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Posted December 4, 2012

Book: Still Point: Loss, Longing, and Our Search for God
Author: Regis Martin
Ave Maria Press. Notre Dame, IN. 2012. pp. 95

An Excerpt from the Jacket:

Franciscan University professor, popular speaker and prolific author Regis Martin tells how the deaths of his mother and brother pushed him to revisit all he knew and felt about God and his own deepest desires --- and how he came to reconcile the theology he teaches with the lived experience of faith.

He offers us wisdom for confronting the greatest mysteries of life, suffering, and death. Along with profound insights, you will find encouragement and hope, coming from the God of mercy through the cross of Christ.

An Excerpt from the Book:

I think of that magnificent line from Franz Kafka, found on the very last page of Luigi Giussani’s The Religious Sense. Giussani cites this line as evidence of the greatness of humans: "Even if salvation does not come, still I want to be worthy of it in every instant."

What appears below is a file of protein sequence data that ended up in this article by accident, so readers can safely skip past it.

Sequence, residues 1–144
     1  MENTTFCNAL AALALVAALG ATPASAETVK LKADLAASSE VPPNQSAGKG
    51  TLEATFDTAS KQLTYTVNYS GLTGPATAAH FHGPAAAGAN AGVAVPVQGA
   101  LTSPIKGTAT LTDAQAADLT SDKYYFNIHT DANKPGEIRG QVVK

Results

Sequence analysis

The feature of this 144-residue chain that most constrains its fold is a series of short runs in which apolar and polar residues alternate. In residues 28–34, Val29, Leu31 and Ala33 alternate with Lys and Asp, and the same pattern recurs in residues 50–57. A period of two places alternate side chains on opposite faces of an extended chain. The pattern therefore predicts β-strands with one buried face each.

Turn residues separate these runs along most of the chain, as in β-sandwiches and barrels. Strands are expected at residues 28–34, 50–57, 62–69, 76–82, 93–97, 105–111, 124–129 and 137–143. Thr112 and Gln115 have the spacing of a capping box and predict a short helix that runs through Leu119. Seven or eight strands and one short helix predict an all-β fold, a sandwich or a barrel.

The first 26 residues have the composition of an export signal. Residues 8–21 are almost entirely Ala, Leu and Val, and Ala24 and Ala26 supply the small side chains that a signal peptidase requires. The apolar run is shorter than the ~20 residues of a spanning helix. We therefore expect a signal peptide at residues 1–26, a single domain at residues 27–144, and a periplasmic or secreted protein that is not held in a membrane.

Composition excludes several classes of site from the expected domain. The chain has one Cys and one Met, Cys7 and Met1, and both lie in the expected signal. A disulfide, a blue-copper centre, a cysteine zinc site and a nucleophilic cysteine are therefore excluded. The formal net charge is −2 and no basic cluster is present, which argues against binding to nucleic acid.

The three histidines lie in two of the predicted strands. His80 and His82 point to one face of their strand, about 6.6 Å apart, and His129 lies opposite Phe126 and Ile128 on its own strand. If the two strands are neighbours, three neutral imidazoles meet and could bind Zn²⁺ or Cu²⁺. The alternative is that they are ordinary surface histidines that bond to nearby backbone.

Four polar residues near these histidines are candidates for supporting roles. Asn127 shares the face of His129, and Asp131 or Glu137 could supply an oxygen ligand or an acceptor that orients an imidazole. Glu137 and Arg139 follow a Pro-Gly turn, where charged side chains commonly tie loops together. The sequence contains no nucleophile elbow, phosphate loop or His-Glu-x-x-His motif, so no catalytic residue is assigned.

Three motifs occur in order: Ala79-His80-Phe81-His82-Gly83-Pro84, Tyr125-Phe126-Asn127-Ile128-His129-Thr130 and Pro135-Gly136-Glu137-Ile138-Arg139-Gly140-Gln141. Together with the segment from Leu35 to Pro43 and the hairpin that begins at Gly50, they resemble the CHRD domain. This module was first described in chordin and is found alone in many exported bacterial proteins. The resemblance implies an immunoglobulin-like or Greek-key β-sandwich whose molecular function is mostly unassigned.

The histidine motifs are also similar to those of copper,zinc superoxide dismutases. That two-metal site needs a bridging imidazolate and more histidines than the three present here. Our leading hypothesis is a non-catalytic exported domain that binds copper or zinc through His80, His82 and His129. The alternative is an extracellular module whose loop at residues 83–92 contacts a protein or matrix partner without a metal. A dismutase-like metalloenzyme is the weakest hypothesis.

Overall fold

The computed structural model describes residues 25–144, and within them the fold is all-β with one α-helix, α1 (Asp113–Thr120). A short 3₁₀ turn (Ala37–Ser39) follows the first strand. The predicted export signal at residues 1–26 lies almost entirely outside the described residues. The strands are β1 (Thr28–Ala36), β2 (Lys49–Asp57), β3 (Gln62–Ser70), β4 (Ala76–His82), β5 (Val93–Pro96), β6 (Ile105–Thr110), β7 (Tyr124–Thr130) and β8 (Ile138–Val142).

Only someone alive with longing, galvanized by an obscure yet persisting hope, could say that. It is the virtue of remaining stubbornly rooted in the belief that reality is forever open to something --- indeed to someone --- infinitely more. This someone is so determined on securing an indestructible joy and happiness for those he loves that to be the recipient of such love cause one to rise each morning with a lightness of spirit, a spring in the step, wonderfully reminiscent of the "tiny girl" in the famous poem by Charles Peguy, "The Portal of the Mystery of the Second Virtue," whom he enshires as the very centerpiece of hope. He tells us, "She rise every morning," her heart radiant with the promises of God. Similarly, the little child whom G.K. Chesterton extols sees the world in the light of an "eternal morning . . .which has a sort of wonder in it as if the world were as new as the child herself." What is so wonderful about childhood, Chesterton tells us, "is that anything in it was a wonder. It was not merely a world full of miracles; it was a miraculous world."

Table of Contents:

Introduction: The state of being lost --- what does it mean?

A mother’s death

How to cross an infinite sea on a finite bridge: C.S. Lewis and A Grief Observed

Going in search of the lost: the lesson of Orpheus and Eurydice

The fate of those untouched by tremors of an ultimate bliss

Once more, the sheer thrust of human longing

Lost and found: the experience of little Luigi (Giussani) Life understood as search

The high school years I never remembered, save for a single event I have never forgotten

Assessing the cynic’s dismissal: how can a mere mood vanquish death?

Conclusion: My brother’s illness and death